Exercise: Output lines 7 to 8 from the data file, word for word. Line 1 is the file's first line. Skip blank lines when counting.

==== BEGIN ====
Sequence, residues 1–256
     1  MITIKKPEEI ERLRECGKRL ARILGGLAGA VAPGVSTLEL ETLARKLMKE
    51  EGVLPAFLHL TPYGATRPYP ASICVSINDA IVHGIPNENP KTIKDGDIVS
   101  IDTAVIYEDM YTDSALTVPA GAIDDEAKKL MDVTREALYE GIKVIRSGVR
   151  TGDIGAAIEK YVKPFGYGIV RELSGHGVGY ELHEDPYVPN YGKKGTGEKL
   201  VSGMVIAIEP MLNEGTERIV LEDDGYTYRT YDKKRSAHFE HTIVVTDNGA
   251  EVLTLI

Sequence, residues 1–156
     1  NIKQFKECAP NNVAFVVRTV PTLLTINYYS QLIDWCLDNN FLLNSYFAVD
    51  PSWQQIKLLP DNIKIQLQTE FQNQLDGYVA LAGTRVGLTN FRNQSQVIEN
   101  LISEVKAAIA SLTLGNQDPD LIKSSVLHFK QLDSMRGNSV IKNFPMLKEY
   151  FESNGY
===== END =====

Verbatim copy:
   251  EVLTLI

Sequence, residues 1–156